Dropping the Algebra Requirement: a Solution, or a Surrender?

August 8, 2017

The Cal State system, which enrolls almost half a million California students, will no longer require them to pass Intermediate algebra. The decision may have been necessary, but it raises unsettling questions about the prospects of a diverse STEM workforce.

It’s reasonable to see Cal State's move as a simple case of education Realpolitik. Too many students get stuck in the bottleneck of intermediate algebra, a remedial course that delays their progress, drains their bank accounts, and raises dropout rates—all without conferring college credit.

Such august organizations as The Charles A. Dana Center, Complete College America, and Jobs for the Future have endorsed the move, arguing that other math courses are more appropriate for students who don’t plan to major in STEM fields. Their logic is compelling: Why uphold the idea of intermediate algebra for all when it stands between so many students and college graduation?

And yet the move risks exacerbating the very problems that forced administrators’ hands in the first place. If past is prologue, many poor and minority students will avoid intermediate algebra rather than fail it.* The Cal State System’s change could effectively codify the informal sorting mechanisms that have long kept those students out of STEM fields.

Cal State’s move could also send a message to high schoolers, their parents, and their schools that algebra is too hard for some students--and not that important, anyway. Poor and minority teens, many of whom have never met anyone in a STEM field, may well take that message to heart. If so, they are essentially taking themselves out of contention for many of the nation’s highest-paying careers.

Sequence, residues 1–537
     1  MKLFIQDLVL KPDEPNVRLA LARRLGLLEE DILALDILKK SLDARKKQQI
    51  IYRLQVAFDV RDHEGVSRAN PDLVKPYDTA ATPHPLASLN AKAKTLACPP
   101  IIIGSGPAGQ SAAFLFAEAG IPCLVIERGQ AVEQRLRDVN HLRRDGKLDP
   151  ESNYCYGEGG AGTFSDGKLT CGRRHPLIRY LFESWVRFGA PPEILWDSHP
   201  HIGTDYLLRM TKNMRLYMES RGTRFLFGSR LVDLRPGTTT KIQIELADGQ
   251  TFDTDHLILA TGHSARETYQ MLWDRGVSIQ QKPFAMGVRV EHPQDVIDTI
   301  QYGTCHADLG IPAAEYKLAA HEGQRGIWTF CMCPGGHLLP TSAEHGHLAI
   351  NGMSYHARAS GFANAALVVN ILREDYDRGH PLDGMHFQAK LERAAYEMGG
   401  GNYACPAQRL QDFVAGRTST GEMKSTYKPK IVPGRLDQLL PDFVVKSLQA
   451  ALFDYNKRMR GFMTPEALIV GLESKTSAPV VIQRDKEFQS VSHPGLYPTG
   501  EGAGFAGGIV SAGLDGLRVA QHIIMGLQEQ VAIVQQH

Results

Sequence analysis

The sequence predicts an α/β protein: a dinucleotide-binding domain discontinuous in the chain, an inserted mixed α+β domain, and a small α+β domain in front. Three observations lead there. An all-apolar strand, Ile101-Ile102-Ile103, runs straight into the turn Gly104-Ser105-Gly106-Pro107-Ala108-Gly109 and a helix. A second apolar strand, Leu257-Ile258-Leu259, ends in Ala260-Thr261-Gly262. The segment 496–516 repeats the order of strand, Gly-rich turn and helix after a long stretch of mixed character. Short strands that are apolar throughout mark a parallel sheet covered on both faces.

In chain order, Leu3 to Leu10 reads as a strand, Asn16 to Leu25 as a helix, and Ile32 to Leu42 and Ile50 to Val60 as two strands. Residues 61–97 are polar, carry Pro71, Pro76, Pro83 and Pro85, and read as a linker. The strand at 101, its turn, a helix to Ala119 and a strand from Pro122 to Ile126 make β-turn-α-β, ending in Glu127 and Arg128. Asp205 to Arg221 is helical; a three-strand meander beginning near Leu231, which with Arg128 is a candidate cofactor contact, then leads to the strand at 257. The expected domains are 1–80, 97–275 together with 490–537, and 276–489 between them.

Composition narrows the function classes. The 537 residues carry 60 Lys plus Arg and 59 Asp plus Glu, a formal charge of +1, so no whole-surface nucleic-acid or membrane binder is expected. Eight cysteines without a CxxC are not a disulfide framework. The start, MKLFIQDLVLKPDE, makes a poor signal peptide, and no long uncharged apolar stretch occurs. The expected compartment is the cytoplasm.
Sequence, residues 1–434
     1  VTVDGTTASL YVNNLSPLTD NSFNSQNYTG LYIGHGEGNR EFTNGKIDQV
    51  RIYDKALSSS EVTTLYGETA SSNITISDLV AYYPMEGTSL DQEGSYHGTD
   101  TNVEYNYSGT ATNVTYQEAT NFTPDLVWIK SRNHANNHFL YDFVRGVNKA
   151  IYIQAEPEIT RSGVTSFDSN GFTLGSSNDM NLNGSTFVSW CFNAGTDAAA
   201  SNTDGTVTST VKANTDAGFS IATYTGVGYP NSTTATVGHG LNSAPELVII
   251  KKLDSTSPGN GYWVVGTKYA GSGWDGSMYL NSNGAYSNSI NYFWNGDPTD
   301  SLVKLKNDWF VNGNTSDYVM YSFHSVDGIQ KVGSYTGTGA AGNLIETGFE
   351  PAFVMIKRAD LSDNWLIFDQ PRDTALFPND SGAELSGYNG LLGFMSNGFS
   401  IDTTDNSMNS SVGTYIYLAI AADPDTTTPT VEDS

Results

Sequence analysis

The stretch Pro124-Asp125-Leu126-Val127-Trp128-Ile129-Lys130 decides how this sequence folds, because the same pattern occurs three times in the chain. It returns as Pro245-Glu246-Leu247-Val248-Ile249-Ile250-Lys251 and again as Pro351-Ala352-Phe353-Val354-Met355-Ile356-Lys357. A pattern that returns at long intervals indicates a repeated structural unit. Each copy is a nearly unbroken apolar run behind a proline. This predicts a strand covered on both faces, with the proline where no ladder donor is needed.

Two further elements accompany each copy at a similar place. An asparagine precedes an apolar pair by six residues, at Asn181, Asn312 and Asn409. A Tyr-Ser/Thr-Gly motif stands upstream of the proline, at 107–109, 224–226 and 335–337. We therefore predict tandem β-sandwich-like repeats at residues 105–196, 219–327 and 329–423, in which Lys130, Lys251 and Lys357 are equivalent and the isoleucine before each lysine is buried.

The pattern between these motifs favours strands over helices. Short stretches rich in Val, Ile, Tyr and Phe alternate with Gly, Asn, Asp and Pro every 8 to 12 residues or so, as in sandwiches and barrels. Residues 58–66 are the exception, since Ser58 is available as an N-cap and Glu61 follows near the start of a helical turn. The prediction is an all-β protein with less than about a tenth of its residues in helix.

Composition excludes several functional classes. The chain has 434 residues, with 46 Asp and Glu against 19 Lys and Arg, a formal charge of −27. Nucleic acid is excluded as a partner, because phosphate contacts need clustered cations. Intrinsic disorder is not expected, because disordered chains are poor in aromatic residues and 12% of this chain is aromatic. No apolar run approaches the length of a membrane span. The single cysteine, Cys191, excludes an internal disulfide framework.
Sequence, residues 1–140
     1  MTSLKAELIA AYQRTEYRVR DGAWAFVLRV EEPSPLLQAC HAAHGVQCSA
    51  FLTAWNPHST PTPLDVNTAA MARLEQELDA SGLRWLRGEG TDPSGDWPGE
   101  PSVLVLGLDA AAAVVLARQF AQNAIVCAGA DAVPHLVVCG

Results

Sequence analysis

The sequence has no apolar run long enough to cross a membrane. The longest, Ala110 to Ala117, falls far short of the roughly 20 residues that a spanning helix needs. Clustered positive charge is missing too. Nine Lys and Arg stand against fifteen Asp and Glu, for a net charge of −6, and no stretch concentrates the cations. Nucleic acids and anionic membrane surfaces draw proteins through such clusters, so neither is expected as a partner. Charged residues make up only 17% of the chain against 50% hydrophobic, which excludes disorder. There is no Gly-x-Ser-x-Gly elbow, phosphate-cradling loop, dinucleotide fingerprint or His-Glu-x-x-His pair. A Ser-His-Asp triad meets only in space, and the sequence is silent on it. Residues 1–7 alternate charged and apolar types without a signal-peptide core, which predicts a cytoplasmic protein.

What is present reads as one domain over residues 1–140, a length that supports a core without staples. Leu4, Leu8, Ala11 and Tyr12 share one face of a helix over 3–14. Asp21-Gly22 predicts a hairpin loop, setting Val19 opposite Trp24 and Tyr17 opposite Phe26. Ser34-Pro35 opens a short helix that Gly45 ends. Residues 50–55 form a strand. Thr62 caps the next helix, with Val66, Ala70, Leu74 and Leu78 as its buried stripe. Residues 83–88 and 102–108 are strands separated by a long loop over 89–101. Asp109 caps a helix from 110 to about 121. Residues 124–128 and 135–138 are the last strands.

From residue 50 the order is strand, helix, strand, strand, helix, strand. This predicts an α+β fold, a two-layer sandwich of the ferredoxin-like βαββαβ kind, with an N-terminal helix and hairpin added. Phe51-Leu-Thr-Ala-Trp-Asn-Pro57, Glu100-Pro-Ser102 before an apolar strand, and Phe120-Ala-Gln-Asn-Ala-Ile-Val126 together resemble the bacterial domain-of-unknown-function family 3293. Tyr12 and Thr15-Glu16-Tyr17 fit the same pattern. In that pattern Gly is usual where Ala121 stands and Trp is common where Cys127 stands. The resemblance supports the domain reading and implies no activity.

This is not a call for Cal State to uphold the principle of algebra for all at the expense of the many thousands who cannot complete the course. High ideals don’t amount to much if they don’t offer real help to real people. Rather, the end of algebra for all in so many colleges and universities underscores the urgent need to expand math education opportunities in K-12.  

Too many poor and minority students face barriers in their communities and schools that all but destine them to opt out of intermediate algebra. Many start Kindergarten behind, and their elementary and middle school teachers say they lack support to teach math. Teachers are less likely to recommend high-achieving minority students for gifted programs or algebra in eighth grade. Poor and minority students are much more likely to attend schools that don’t offer advanced math. Indeed, of the roughly 41,000 black and Latino high schoolers who had the potential to succeed on AP math and science tests in 2014, only half actually took them.

It may be necessary—at least for now—to surrender to the harsh realities that drove Cal State’s decision. Yet we still need to uphold challenging standards in K-12. Ensure that teachers of math have the support they need. Give students more and better counseling about the courses they need to take for different careers. Help schools prepare students for AP classes and tests. Coax more STEM majors into the classroom, particularly in poor schools. The list goes on.

Yes, this is a tall order, but the decision to drop math requirements should never be a signal that we’re giving up on preparing every high school graduate to pursue a STEM degree in college if she chooses to do so. All too often, we limit, rather than expand, students' options.

Tags: minorities, math, standards